Haemodynamic stroke is a type of ischaemic stroke that is caused by hypoperfusion rather than by embolism or local vasculopathy. It can be caused by systemic diseases such as heart failure or hypotension, but also by severe obstruction of the carotid or vertebral arteries. Patients with haemodynamic stroke or transient ischaemic attack might show specific clinical features that distinguish them from patients with embolism or local small-vessel disease.
The CRASH-2 trial (July 3, p 23)1 showed reduced trauma mortality through the simple and cheap intervention of tranexamic acid, placing it into a growing list of options for managing the acute coagulopathy of trauma.
The antiphospholipid syndrome causes venous, arterial, and small-vessel thrombosis; pregnancy loss; and preterm delivery for patients with severe pre-eclampsia or placental insufficiency. Other clinical manifestations are cardiac valvular disease, renal thrombotic microangiopathy, thrombocytopenia, haemolytic anaemia, and cognitive impairment.
Acute coronary syndromes typically arise from rupture of a cholesterol-laden plaque with subsequent thrombotic occlusion of the coronary artery.
2010 Sep 1 - Double-dose versus standard-dose clopidogrel and high-dose versus low-dose aspirin in individuals undergoing percutaneous coronary intervention for acute coronary syndromes (CURRENT-OASIS 7): a randomised factorial trial
Clopidogrel and aspirin are the most commonly used antiplatelet therapies for percutaneous coronary intervention (PCI). We assessed the effect of various clopidogrel and aspirin regimens in prevention of major cardiovascular events and stent thrombosis in patients undergoing PCI.
There was no fanfare to accompany WHO's declaration on Aug 10 that the world was entering a “post-pandemic period” and that influenza A H1N1 had “largely run its course”. But the aftershocks of the pandemic might last for a long time, so this announcement should herald the start of a period of reflection.
2010 Aug 11 - Emergence of a new antibiotic resistance mechanism in India, Pakistan, and the UK: a molecular, biological, and epidemiological study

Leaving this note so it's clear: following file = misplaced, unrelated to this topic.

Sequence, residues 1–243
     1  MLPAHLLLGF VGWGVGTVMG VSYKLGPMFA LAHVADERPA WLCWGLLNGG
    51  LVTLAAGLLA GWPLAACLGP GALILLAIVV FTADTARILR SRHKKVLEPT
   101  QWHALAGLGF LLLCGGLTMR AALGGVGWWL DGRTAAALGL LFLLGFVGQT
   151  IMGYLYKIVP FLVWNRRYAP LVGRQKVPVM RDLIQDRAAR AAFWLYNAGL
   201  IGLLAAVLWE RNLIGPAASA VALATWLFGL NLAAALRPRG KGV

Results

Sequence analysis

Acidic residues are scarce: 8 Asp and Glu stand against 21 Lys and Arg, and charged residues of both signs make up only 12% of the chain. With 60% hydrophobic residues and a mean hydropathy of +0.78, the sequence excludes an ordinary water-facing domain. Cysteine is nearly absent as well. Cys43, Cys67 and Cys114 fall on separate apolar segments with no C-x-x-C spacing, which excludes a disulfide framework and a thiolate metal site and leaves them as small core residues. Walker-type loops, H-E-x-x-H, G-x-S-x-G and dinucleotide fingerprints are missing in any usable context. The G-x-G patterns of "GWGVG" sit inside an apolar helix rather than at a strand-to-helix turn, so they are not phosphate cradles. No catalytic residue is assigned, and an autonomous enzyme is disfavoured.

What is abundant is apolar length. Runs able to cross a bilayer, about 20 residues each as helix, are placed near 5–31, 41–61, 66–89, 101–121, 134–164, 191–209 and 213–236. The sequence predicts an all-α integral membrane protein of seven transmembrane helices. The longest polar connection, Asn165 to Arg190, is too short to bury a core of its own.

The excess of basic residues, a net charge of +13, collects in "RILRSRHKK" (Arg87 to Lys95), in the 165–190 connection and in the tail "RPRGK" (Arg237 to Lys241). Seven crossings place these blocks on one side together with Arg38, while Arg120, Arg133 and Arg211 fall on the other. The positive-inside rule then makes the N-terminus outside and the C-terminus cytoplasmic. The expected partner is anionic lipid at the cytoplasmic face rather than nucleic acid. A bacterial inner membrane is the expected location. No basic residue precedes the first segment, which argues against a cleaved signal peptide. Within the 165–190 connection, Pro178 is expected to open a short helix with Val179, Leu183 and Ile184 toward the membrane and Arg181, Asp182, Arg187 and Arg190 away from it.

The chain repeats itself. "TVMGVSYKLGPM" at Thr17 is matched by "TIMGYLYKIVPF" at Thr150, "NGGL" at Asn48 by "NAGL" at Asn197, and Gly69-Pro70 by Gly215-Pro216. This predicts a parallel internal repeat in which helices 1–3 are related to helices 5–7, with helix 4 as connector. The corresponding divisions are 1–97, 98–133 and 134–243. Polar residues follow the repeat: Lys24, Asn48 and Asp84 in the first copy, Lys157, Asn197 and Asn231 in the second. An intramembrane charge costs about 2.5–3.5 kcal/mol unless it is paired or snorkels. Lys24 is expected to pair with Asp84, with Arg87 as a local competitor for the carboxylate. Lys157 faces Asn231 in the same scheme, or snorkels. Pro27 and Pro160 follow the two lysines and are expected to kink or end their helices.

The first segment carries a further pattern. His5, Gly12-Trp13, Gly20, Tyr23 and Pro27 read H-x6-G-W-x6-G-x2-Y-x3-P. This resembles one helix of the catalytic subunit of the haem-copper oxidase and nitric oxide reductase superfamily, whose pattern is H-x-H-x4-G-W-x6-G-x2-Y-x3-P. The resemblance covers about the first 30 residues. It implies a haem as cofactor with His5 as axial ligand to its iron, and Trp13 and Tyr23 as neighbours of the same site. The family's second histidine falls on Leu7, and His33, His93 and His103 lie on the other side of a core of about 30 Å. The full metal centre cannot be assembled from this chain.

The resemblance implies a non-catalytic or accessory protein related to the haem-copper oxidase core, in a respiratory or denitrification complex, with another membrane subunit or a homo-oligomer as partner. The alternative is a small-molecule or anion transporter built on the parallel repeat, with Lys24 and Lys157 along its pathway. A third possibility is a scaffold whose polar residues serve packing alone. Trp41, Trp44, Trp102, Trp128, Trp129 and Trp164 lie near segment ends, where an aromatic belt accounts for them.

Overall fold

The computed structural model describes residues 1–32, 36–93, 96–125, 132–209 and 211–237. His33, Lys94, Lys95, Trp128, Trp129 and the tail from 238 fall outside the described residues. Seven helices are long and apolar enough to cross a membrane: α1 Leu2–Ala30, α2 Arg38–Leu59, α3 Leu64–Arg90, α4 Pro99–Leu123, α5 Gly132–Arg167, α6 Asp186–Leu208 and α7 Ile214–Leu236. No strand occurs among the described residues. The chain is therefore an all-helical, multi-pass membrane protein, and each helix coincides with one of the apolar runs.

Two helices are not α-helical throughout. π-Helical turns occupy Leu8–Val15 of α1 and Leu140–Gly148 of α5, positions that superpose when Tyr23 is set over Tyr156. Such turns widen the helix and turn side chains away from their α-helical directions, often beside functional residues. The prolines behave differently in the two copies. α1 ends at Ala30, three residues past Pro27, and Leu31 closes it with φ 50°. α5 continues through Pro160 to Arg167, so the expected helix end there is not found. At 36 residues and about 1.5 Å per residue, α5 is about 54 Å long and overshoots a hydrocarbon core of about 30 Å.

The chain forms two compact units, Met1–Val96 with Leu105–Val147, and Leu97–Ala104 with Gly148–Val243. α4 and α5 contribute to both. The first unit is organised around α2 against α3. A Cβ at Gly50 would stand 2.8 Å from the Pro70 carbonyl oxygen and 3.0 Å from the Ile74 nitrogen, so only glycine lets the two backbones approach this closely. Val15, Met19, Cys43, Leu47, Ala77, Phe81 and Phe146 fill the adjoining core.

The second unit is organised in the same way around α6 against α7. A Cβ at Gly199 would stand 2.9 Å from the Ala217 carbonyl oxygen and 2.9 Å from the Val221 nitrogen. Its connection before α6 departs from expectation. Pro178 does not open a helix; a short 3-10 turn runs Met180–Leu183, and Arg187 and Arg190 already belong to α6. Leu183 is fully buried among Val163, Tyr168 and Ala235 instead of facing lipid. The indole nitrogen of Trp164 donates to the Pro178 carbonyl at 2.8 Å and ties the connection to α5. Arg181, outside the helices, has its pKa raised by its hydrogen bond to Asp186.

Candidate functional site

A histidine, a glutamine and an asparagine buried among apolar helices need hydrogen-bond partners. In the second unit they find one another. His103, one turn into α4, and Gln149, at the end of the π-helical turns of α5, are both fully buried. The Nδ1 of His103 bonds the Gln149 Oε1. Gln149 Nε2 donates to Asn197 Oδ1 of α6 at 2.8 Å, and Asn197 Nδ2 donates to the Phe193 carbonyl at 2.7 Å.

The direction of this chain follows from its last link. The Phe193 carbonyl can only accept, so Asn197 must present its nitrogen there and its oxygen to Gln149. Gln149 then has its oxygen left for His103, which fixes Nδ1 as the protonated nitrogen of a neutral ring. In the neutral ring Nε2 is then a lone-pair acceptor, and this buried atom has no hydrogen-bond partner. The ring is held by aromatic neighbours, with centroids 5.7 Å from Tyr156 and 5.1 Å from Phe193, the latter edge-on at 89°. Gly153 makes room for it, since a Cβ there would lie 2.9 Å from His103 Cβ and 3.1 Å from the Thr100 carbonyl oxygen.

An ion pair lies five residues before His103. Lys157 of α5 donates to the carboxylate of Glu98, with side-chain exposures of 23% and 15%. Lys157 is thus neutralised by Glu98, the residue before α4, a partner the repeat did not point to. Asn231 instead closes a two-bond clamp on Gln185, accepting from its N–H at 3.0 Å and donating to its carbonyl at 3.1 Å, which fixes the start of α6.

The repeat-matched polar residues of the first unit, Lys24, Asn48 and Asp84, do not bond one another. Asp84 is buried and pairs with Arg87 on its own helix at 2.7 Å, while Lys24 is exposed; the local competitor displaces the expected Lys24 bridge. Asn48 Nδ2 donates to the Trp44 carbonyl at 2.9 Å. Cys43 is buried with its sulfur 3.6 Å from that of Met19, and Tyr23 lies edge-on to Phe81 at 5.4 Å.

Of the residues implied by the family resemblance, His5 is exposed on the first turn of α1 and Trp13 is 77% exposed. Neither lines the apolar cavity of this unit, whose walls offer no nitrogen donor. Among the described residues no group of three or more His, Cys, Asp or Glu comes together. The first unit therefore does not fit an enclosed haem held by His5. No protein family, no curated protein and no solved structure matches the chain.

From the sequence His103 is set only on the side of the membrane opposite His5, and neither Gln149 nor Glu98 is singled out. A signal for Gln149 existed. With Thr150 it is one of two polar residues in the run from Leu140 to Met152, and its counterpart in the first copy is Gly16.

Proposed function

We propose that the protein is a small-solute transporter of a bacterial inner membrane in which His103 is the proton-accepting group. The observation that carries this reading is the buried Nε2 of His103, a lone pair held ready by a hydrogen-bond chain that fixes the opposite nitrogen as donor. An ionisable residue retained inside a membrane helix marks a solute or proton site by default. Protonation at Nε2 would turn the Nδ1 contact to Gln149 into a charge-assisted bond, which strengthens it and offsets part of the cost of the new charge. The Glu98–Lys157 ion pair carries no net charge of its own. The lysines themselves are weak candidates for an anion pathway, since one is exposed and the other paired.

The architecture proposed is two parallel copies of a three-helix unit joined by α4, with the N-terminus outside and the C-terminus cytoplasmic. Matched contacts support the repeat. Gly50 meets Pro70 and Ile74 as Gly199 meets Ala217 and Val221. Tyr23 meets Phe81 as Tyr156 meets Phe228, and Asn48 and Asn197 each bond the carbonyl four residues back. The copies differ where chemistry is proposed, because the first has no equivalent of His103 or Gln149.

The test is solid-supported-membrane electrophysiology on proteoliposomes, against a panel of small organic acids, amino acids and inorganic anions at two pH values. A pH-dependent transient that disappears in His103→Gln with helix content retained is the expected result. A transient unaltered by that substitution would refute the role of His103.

Gram-negative Enterobacteriaceae with resistance to carbapenem conferred by New Delhi metallo-β-lactamase 1 (NDM-1) are potentially a major global health problem. We investigated the prevalence of NDM-1, in multidrug-resistant Enterobacteriaceae in India, Pakistan, and the UK.
2010 Aug 12 - Effect of specialist retrieval teams on outcomes in children admitted to paediatric intensive care units in England and Wales: a retrospective cohort study
Intensive care services for children have undergone substantial centralisation in the UK. Along with the establishment of regional paediatric intensive care units (PICUs), specialist retrieval teams were set up to transport critically ill children from other hospitals. We studied the outcome of children transferred from local hospitals to PICUs.
2010 Aug - Effects of antihypertensive treatment after acute stroke in the Continue Or Stop post-Stroke Antihypertensives Collaborative Study (COSSACS): a prospective, randomised, open, blinded-endpoint trial
Up to 50% of patients with acute stroke are taking antihypertensive drugs on hospital admission. However, whether such treatment should be continued during the immediate post-stroke period is unclear. We therefore aimed to assess the efficacy and safety of continuing or stopping pre-existing antihypertensive drugs in patients who had recently had a stroke.
Seven randomised, placebo-controlled trials combined in a recent pooled analysis 1 reported that thrombolysis with intravenous alteplase (recombinant tissue plasminogen activator; rt-PA) is efficacious in the treatment of acute ischaemic stroke.
2010 Jul 27 - Implementation and outcome of thrombolysis with alteplase 3—4·5 h after an acute stroke: an updated analysis from SITS-ISTR
In September, 2008, the European Acute Stroke Study III (ECASS III) randomised trial and the Safe Implementation of Treatment in Stroke-International Stroke Thrombolysis Registry (SITS-ISTR) observational study reported the efficacy and safety of the extension of the time window for intravenous alteplase treatment from within 3 h to within 4·5 h after stroke onset. We aimed to assess the implementation of the wider time window, its effect on the admission-to-treatment time, and safety and functional outcome in patients recorded in SITS-ISTR.